Web apps attacked once every three days, report says
Typical Web application gets attacked 137 times in 59 separate days during a six-month period, Imperva says
By Lucian Constantin | Published: 10:23, 08 August 2012
A typical web application is the target of an attack at least one in three days on average, according to a report released by data security firm Imperva.
The third edition of Imperva's semi-annual Web Application Attack Report (WAAR), released yesterday, is based on an analysis of internet traffic collected from 50 publicly available web applications between December 2011 and May 2012. Imperva determined that a typical web application experienced 59 "battle days" - days in which at least one attack incident occurred - during the six-month period.
Many of the monitored applications differed in size and purpose, and most of them were hosted in the US and the European Union, said Amichai Shulman, Imperva's chief technology officer.
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Imperva found that for a typical web application the median number of attack incidents recorded during a six-month period was 137.
An attack incident was defined by the company as a burst of malicious traffic that exceeded a rate of 30 attack requests per five minutes.
This method of counting attacks was significantly different than the one used by the company for its previous WAAR reports, which focused on the total number of attack requests.
The worst case seen by the company involved an application that experienced 1,383 attack incidents spanning 141 battle days, or 80% of the days in the six-month period.
The typical attack incident had a magnitude of 195 requests and lasted almost eight minutes, Imperva said in its report. However, the worst incident lasted 10 times longer than that and involved 8,790 attack requests.
The new methodology of interpreting data revealed that SQL injection (SQLi) was the attack technique most commonly used. The median number of SQLi attacks experienced by a typical web application was 17.5 and in the worst case it was 320.
This is a significant change, because previous WAAR reports placed cross-site scripting (XSS) and directory traversal attacks ahead of SQLi attacks in terms of frequency.
The new methodology allowed the company's researchers to see things in a different way, Shulman said. "While the number of individual requests for cross-site scripting and directory traversal is higher than for SQL injection, in reality, the number of attacks in which SQL injection is involved is higher."
However, given what other security vendors have reported in the past, the efficiency of SQLi attacks is somewhat questionable. For example, Verizon said in its 2012 Data Breach Investigations Report that SQL injection was used in only 3% of data breach incidents.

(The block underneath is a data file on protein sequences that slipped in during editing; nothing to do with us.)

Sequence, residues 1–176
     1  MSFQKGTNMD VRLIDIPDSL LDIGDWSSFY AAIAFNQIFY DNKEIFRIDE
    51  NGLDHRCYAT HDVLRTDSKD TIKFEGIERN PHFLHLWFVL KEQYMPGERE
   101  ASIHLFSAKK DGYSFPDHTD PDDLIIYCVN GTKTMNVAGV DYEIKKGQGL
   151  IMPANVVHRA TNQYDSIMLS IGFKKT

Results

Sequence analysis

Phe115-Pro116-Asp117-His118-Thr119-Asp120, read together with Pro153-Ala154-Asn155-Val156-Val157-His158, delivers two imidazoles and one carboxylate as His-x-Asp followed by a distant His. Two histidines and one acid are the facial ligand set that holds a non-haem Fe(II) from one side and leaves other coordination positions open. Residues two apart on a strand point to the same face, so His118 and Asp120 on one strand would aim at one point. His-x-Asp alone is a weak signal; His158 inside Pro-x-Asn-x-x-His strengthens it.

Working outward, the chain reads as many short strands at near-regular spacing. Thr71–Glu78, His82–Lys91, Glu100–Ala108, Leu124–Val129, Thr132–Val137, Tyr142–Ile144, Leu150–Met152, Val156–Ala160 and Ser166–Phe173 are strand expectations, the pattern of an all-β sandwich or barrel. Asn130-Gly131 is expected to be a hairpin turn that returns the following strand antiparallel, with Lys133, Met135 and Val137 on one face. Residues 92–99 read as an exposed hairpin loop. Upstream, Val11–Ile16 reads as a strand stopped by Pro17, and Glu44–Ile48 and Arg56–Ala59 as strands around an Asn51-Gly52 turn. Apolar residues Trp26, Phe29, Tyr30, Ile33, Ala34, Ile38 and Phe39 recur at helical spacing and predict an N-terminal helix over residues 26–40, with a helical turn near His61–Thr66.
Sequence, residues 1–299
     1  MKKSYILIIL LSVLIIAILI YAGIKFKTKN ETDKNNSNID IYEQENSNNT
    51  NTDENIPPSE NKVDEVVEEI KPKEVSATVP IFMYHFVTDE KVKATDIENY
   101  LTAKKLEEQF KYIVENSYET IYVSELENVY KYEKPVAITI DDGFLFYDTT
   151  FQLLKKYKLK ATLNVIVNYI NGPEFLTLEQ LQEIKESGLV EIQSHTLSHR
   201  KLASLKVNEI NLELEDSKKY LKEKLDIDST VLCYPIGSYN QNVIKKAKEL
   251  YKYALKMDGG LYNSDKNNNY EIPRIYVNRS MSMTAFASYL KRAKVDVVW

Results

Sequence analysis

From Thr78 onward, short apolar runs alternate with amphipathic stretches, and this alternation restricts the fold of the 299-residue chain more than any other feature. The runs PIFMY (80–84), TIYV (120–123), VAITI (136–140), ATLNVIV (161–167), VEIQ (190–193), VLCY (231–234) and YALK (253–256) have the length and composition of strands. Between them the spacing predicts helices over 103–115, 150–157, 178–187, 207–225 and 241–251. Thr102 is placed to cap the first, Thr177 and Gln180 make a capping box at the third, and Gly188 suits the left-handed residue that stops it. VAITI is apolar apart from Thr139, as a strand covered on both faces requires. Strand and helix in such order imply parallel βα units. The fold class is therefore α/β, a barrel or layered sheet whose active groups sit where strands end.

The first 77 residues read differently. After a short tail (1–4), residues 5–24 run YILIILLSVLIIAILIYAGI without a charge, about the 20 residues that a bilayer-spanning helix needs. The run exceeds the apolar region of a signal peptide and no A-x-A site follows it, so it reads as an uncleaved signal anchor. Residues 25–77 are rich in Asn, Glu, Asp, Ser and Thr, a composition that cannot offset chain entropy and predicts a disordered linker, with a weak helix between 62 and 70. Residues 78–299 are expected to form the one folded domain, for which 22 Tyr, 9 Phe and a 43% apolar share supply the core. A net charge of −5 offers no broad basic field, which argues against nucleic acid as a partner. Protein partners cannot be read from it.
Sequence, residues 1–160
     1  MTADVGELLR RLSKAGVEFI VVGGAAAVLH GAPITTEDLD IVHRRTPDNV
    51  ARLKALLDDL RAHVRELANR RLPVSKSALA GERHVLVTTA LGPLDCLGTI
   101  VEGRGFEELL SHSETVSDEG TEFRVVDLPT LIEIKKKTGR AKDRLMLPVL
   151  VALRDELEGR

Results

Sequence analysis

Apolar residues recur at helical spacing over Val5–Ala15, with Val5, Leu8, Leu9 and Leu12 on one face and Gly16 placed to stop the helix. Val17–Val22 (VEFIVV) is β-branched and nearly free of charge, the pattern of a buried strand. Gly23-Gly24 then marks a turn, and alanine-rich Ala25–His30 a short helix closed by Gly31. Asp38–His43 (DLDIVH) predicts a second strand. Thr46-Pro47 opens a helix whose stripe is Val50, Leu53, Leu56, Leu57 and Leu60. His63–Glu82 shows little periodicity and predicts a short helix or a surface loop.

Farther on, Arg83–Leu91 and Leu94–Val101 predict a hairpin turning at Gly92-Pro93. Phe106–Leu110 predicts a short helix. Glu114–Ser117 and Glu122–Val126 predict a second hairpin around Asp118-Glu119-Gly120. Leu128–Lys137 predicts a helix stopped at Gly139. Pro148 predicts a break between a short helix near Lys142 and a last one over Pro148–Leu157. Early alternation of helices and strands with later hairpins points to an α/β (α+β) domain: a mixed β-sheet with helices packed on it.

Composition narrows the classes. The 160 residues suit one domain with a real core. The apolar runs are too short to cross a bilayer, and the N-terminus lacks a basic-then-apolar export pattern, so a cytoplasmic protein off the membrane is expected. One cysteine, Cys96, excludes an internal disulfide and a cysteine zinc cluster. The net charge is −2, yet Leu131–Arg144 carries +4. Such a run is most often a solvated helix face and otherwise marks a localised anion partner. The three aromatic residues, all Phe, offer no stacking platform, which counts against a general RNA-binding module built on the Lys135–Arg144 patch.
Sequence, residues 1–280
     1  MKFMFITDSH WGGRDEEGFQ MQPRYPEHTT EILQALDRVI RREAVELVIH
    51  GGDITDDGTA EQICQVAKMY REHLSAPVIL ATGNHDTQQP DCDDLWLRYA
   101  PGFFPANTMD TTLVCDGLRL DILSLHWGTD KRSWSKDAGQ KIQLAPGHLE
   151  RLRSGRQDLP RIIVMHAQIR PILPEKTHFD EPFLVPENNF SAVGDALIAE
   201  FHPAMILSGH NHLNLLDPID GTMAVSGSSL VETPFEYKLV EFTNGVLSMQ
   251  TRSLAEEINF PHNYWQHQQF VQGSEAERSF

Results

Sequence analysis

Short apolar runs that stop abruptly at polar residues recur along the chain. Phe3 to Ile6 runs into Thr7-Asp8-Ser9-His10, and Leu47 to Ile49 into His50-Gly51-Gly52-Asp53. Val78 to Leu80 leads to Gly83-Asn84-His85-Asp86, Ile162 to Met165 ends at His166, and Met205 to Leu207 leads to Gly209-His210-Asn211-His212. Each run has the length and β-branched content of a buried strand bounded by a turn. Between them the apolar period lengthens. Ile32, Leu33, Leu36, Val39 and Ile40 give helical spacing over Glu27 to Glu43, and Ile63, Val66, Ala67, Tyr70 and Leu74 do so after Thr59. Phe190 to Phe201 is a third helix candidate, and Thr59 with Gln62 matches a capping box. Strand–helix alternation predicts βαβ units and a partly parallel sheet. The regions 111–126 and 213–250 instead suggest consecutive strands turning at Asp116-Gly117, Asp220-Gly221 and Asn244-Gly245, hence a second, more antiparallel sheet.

It's possible that SQL injection, while the most popular attack technique, is not the most successful one, Shulman said. However, "I find it hard to believe that attackers are wasting so much energy over SQL injection if it's not proving to be successful," he said.
Another interesting finding was that the highest number of SQL injection requests originated in France and not the US, which is the primary source of other types of attacks like remote file inclusion, directory traversal or local file inclusion.
Some attack types have a well-known geographic bias, Shulman said. For example, many email scraping attacks originate from African countries and comment spam attacks are commonly launched from Eastern Europe and Russia.
However, the fact that a large number of SQL injection attacks originated from France is unusual, Shulman said. "It's the first time we've seen this kind of geolocation bias for SQL injection and I don't have the answer yet for why it happened."
Shulman speculated that it might be harder to get abusive servers shut down in France than in other European countries or that attackers might prefer to use Internet Protocol addresses from a country like France, which is not commonly associated with malicious internet traffic. However, these are just theories, he said.
Imperva tried to use a number of statistical methods to find patterns in the timing of the attacks and actually concluded that they can't be predicted, Shulman said. "The fact that you've been attacked today doesn't say anything about what is going to happen tomorrow."
Companies need to be prepared to protect their web applications at all times and should be prepared to do so against the worst attacks, not just the average ones, he said.